If possible, references should not be given over the phone. In the case of follow-up calls, no further information should be provided other than that already contained in the reference. The policy itself should set out the format of references and what information they should contain. In this regard, employers might consider providing only a basic statement of employment, which provides the bare minimum of factual information. As mentioned previously, this might include information as to the position which the employee held and the dates in which they were employed. Finally, it is also advisable to maintain a record of all references provided, ensuring that the record meets the obligations regarding retention of documents under the data protection legislation.
Telling someone they Didn’t Get the Job
This is a difficult one but unfortunately cannot be helped. Every candidate that applies for a job will appreciate that there will multiple applicants and some who may be more suitable or qualified for the job than them, so they won’t be shocked if they don’t get the job. It still doesn’t make the job any less pleasant for a recruiter.
Telling someone they didn’t get the job is one of the less pleasant tasks in recruitment. You should aim to break the news to candidates in a professional, sincere, and constructive manner. For candidates who have not been called forward for interview, a sincere email in a timely manner will be appreciated and is perfectly acceptable. Our candidate management system will help you to set up a template so that you can do this very quickly. Candidates who have been called for interview however may require more feedback. Some interviewers will call candidates, particularly if someone has reached the final stages and dependent on the length of the screening process. If calling unsuccessful candidates, try to do it as soon as you can. Thank them for their interest in the role and for their time in participating in the process. It’s better if you tell them up front that on this occasion unfortunately they were unsuccessful and then you can continue to give them feedback. Use phrases such as “the successful candidate had more experience in the area of x,y,z”. Ensure that you are familiar with and follow your company policies with regard to giving candidates feedback. If there’s a possibility that future suitable vacancies may be in the pipeline, explain this to the candidate and that you will keep their CV on file should they wish to be considered. It also softens the blow to wish the candidate well with their future job hunt. Successful recruitment is about future planning, keeping a pipeline of possible suitable candidates really helps to not only fill future roles quickly but will also save the company time and money.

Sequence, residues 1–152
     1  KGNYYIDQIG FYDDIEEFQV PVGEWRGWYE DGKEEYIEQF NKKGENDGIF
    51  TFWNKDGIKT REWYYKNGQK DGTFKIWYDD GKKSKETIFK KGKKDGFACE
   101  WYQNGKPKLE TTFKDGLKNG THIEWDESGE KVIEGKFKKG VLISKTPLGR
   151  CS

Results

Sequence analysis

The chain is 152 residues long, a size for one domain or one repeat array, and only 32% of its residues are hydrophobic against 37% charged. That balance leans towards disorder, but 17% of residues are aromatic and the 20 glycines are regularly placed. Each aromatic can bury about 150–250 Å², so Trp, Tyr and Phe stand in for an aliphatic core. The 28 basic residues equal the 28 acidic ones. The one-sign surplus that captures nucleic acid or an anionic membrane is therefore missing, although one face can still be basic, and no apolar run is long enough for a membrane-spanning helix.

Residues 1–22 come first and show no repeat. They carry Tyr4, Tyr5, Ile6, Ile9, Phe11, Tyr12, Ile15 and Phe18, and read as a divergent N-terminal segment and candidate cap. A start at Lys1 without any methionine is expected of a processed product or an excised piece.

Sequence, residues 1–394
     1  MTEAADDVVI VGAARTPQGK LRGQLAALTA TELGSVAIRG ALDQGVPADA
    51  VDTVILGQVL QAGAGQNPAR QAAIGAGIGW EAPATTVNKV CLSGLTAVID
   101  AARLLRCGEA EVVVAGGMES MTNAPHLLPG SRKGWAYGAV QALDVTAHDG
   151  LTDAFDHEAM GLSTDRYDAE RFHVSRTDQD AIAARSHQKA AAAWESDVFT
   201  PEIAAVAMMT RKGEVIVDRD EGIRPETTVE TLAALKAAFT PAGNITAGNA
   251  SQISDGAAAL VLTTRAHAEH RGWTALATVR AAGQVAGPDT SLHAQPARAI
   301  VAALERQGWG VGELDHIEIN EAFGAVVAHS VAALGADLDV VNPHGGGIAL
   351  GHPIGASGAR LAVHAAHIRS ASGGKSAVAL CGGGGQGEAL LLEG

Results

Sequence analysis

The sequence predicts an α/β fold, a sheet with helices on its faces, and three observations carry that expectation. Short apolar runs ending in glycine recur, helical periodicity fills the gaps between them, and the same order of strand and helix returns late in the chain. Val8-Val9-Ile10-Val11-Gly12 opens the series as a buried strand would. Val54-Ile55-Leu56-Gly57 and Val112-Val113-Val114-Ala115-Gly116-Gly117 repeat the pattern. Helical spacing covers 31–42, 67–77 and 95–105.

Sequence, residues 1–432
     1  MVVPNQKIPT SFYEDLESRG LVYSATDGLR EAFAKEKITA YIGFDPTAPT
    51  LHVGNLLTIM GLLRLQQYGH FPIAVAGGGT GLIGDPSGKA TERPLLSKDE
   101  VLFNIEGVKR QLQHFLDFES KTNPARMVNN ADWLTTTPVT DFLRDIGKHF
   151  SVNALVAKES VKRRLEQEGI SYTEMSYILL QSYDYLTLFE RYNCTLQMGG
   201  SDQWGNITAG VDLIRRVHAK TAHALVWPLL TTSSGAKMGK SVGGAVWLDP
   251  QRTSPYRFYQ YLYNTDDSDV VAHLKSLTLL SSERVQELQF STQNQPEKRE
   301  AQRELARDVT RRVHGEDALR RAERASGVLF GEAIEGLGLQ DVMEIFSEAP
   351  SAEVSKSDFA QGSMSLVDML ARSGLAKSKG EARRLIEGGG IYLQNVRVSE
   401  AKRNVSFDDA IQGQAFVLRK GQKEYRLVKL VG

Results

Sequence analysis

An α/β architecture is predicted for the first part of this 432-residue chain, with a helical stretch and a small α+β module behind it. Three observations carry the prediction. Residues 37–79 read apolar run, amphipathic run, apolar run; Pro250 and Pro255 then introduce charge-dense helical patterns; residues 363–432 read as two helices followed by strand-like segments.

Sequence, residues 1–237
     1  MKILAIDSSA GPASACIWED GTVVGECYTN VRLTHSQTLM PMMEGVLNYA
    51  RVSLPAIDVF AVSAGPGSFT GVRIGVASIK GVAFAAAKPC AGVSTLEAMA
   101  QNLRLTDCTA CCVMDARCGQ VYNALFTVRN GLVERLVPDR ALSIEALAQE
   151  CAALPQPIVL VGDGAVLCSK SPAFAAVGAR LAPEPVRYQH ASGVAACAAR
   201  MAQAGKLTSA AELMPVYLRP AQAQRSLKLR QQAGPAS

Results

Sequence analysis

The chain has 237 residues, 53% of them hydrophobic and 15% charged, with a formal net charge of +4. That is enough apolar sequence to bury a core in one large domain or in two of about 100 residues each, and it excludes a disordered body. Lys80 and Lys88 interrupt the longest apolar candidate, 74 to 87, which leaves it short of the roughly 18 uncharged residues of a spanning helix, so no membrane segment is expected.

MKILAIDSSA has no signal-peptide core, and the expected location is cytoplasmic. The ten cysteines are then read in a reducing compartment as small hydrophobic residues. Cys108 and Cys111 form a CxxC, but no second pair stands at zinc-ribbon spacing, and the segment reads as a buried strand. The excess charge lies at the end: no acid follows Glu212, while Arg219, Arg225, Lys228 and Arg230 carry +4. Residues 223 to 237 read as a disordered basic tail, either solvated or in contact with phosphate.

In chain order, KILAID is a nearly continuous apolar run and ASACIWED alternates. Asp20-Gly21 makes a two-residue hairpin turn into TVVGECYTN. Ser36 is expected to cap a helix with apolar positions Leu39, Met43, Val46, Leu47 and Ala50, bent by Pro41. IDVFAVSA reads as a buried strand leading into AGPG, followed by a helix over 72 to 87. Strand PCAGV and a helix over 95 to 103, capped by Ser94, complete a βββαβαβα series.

Hiring Family & Friends
Knowing candidates can be great as you know the persons’ abilities and competencies and also in some cases their shortfalls. But it is important to consider the difficulties that you might face if things don’t work out. It’s important to ensure that people known to you are assessed for their skills and assigned appropriate roles that play to their specific strengths and talents. Where possible it also makes sense to have an independent person supervise and monitor their work so that there is no conflict of interest.
In large companies there may be policies and procedures in place to address conflict of interest so make yourself aware of these, but it is very common in smaller businesses, particularly family businesses for employees to know each other personally. When interviewing a person known to you or other employees you should always follow a formal interview process in line with current legislation and keep relevant HR files.
Watch out for and be aware of the following; The transition from friend / relative to you being their boss can be difficult, if they underperform will you be able to fire them and remain friends.
Consider other employees, will you be able to keep a completely fair work environment without nepotism or favouritism – would having a friend or relative on your team undermine morale among the team?
Are you prepared for the emotions that could come into play?
You will need to set strict boundaries if it is to work professionally – is the candidate acceptable to that?
There are some positives though, for example in family businesses where generations have been reared through the business, they may have a very good understanding of how things are done having been exposed to the business from a young age. They may already have a relationship with your customers.